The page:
Rationality in Practice Theory: Implications on Qing and Li Theory of Social Organization
I will first briefly present a preliminary theory of social practices as symbolic complex adaptive systems able to maintain both stability and adaptability relying sorely on each agent’s ability of normative judgment on actions and judgmental criteria. Coupled with a theory of human agency based embodied-embedded cognitive science, this theory of social practices offers a most promising social theory of rationality not only consistent with the current scientific researches but also compatible with the long tradition of Western sociological and philosophical researches.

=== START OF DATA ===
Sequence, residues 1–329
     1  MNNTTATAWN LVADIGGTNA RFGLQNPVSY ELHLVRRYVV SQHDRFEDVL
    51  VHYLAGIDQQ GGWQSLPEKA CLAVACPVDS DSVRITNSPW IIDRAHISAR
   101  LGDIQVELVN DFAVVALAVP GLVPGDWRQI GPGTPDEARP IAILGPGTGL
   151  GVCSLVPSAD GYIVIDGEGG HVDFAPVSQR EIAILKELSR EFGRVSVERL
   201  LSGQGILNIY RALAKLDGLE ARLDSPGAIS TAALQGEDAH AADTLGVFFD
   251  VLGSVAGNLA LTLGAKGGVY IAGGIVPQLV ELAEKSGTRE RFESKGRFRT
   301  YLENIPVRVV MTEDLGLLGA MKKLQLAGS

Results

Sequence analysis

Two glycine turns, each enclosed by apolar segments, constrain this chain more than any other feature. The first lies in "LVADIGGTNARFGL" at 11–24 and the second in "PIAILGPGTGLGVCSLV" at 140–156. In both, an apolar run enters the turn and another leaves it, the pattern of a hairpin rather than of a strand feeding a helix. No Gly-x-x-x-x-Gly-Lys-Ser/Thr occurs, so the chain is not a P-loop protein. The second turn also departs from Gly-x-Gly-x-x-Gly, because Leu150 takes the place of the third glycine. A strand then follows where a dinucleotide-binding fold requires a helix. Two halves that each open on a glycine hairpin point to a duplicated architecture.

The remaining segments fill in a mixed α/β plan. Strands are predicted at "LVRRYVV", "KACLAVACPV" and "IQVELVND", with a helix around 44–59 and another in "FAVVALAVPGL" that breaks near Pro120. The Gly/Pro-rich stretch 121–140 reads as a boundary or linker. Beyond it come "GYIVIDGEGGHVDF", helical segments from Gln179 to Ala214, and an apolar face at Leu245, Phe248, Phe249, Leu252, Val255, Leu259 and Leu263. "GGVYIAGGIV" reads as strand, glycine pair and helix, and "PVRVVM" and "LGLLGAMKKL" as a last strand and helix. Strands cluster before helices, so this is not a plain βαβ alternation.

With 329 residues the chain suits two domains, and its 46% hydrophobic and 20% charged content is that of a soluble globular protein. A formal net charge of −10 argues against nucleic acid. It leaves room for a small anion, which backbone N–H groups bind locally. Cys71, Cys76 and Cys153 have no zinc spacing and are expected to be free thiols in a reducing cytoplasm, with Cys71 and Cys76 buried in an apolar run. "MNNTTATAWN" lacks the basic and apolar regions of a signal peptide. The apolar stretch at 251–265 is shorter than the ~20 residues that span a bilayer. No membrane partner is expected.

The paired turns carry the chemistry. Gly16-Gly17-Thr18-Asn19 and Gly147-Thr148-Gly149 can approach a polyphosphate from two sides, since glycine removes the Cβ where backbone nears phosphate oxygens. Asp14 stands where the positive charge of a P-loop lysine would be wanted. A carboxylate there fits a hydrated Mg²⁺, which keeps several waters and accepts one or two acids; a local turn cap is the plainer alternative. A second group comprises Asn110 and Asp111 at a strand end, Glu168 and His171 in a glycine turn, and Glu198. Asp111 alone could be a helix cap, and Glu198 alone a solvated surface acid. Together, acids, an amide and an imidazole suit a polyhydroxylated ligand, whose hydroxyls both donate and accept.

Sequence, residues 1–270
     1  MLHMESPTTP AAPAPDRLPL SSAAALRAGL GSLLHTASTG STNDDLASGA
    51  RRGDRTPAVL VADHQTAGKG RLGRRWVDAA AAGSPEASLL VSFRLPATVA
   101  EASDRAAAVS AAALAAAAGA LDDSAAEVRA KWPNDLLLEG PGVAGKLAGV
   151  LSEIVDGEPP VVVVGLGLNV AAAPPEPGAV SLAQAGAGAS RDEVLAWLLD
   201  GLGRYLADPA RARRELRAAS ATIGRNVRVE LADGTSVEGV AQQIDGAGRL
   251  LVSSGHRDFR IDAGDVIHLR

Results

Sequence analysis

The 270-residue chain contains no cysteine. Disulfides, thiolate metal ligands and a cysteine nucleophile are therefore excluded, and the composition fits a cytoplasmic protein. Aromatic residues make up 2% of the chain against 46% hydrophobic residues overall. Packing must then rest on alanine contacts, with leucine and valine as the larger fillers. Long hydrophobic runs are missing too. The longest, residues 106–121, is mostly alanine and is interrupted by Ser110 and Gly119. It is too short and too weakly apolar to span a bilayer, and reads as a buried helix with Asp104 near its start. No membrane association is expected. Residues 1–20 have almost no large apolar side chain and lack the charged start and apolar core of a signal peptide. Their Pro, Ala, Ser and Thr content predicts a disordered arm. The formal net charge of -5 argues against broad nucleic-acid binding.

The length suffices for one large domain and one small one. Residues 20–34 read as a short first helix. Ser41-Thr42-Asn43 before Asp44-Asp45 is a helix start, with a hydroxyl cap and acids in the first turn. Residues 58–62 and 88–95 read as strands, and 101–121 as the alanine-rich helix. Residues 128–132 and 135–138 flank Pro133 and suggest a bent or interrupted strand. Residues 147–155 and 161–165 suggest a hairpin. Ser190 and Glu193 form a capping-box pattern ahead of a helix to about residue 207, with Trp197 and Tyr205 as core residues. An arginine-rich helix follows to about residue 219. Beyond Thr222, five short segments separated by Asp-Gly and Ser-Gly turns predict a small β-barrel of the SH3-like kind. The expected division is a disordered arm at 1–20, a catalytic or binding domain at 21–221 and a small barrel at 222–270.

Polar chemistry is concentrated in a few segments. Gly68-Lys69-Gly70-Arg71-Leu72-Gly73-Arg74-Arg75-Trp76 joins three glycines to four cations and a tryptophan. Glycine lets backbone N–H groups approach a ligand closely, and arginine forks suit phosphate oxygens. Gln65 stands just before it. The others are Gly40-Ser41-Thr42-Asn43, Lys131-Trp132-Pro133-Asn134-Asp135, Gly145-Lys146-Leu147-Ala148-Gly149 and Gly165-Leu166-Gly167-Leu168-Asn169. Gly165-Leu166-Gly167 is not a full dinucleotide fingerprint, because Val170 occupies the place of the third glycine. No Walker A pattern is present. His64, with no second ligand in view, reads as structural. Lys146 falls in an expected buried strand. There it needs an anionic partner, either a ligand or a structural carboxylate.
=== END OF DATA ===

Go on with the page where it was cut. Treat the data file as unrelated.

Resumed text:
Then I will offer persuasive arguments for the claim that thus constructed theory of rationality is free from cultural biases possibly originating from its Western intellectual origin just as has been theories of modern natural sciences previously. This fact, in turn, implies that the social theory of rationality presented in this paper offers a common theoretical ground to analyze and compare roles of rationality and empathy in social practices including social organizations, institutions, and norms in Western and Asian societies. This will allow us a chance to view the issue of balance between emotion and reason as emphasized in Asian philosophical tradition from a new perspective. The remaining part of my paper will focus on the topic of the elements of rationality that can be discerned in Asian social traditions.